Forex history: Pegged and semi-pegged currencies
Pegged and semipegged currencies
The first real test of the Bretton Woods Accord was due to the dramatic fluctuation rates of currency. A chain reaction resulted that ended with President Richard Nixon abandoning the gold standard in 1973. And, heavy pressure from the world markets caused the collapse of the fixed rate system allowed currencies to float freely.
Since the ancient days of Pharaoh, there has been some form of money. The first known use of paper currency and receipts is accredited to the Babylonians. The first exchanges of coins between various cultures were first practiced by Middle Eastern money changers. The need for other forms of currency other than coins occurred during the middle ages. But, the Foreign Exchange market, known as Forex as we know it today wasn't established until 1973.
Regional economies began to flourish when paper currency made it much easier for traders and merchants to make and receive payments in funds. From the middle ages when the Forex system first began emerged up until World War I, the market had remained fairly stable and didn't see much speculative activity.
However, after World War I, speculative activity increased as much as tenfold and the Forex markets became very unstable. The general public as well as most institutions began to look upon the Forex system unfavorably. The removal of the gold standard during the Great Depression in 1931, created a serious decline in Forex activity.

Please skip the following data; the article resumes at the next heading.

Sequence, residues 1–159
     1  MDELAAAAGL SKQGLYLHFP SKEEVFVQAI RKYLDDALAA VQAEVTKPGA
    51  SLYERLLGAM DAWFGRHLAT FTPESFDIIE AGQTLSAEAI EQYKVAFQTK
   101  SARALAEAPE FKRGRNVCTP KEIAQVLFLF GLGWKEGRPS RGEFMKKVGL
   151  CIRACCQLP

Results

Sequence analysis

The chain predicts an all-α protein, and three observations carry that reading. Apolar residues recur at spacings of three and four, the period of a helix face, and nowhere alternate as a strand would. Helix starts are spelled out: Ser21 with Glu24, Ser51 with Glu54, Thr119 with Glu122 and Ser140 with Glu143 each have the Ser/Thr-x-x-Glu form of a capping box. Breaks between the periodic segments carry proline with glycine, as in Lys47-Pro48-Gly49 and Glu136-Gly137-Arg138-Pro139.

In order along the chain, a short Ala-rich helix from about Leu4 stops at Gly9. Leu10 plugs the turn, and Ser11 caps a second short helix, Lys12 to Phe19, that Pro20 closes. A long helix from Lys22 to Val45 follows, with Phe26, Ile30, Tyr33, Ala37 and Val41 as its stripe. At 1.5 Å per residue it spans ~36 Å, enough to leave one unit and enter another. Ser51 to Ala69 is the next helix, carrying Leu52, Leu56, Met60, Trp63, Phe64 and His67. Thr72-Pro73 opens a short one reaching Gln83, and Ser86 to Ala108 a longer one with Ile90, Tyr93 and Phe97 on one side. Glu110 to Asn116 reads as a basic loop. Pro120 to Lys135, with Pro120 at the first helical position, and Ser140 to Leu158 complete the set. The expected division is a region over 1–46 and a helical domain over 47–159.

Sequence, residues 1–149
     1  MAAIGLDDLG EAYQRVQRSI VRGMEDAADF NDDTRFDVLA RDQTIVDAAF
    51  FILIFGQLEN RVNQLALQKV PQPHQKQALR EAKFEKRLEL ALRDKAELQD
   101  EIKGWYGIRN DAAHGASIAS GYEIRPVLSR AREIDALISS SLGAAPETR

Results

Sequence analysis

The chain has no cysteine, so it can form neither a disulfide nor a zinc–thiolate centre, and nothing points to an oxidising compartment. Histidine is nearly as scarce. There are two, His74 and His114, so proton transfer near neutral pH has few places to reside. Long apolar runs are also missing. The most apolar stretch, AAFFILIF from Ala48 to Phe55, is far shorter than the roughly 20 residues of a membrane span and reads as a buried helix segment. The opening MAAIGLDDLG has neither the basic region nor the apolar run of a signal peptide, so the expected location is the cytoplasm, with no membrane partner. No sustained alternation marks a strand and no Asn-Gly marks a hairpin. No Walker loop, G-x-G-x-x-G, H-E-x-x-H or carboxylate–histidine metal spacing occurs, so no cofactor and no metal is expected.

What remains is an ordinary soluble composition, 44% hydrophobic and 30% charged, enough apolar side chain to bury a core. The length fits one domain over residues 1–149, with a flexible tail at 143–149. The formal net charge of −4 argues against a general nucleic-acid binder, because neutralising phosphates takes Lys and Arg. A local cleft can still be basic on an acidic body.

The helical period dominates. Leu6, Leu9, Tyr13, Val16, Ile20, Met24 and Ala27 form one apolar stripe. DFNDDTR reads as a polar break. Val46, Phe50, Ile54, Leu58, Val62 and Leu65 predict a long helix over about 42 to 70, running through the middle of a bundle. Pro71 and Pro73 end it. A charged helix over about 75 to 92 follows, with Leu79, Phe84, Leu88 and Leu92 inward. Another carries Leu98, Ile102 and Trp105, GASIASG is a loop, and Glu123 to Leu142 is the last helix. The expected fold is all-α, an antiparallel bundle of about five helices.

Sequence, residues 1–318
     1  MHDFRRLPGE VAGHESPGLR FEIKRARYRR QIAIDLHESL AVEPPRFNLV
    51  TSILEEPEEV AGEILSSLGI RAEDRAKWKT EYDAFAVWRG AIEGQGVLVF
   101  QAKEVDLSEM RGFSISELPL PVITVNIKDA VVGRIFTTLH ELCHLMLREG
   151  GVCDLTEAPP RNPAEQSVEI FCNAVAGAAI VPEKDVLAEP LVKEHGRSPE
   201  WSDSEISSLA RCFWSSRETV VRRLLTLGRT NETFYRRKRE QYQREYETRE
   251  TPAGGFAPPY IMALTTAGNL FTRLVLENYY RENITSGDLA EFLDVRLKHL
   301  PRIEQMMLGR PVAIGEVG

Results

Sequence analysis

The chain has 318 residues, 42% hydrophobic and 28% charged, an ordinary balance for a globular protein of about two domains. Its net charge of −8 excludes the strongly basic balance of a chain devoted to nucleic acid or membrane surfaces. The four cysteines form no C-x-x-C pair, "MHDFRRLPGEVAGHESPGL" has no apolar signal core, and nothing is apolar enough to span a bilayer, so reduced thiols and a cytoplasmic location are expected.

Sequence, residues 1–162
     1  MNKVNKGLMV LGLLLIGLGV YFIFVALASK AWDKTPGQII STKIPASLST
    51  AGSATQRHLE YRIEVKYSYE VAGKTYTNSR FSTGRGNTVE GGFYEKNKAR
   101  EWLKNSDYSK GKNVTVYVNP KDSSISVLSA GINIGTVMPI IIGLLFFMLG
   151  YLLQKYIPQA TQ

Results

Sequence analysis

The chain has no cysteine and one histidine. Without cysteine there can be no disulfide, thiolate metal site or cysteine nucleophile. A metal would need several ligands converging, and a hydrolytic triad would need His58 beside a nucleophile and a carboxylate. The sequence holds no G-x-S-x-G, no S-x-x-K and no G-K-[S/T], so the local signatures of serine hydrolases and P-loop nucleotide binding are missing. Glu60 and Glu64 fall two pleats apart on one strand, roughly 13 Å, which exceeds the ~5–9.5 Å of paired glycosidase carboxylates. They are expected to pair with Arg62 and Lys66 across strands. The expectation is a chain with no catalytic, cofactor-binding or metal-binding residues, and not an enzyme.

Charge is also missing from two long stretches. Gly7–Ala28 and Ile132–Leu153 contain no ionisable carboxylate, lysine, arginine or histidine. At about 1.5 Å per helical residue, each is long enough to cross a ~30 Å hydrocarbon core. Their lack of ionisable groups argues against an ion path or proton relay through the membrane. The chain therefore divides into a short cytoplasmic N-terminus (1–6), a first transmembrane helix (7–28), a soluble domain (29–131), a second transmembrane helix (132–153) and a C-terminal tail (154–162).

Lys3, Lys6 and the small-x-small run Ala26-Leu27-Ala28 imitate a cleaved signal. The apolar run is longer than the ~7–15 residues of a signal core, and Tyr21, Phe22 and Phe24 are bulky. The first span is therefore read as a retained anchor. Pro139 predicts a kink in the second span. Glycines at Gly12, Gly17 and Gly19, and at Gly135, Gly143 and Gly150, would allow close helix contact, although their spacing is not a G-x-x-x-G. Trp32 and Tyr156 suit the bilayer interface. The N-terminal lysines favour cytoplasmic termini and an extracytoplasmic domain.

The market went through a series of changes that made a major impact on global economies between 1931 and 1973. During these years, there was very little speculation in the Forex markets. Today, the Forex market if one of the fastest growing markets world wide. In 1998, it became available to average investors and sees volumes that exceed the entire stock market almost 100 times over on a daily basis.
After the demise of the European Joint Float and the Smithsonian Agreement, foreign exchange markets made the official switch over to a free floating market system. Although, the free floating system was mainly chosen because of a lack of other options, it was not forced in any way. This gave each individual country the freedom to choose to peg, semi-peg or free float their respective currencies.
Pegged currency simply refers to currencies that have an exchange rate based on the currency of another country. Many smaller economies have pegged their currency with that of countries with larger economies that they consider to be economic liaisons. Many of the Caribbean nations, like Jamaica, have chosen to peg their currencies to the U.S. dollar.
Since 1993, the practice of using semi-pegged currencies has no longer been in use. The European Monetary System, EMS is a good example of how currencies were semi-pegged. Those European currencies were only allowed to fluctuate at a rate of 2.25 percent and with intervention bands of 6 percent. When the foreign exchange crisis hit in 1993, the EMS expanded their intervention rates to 15 percent. When currencies neared the maximum values allowed, semi-pegging would minimize them. The EMS switched their semi-pegged currencies over to pegged values forming the Euro in 1999.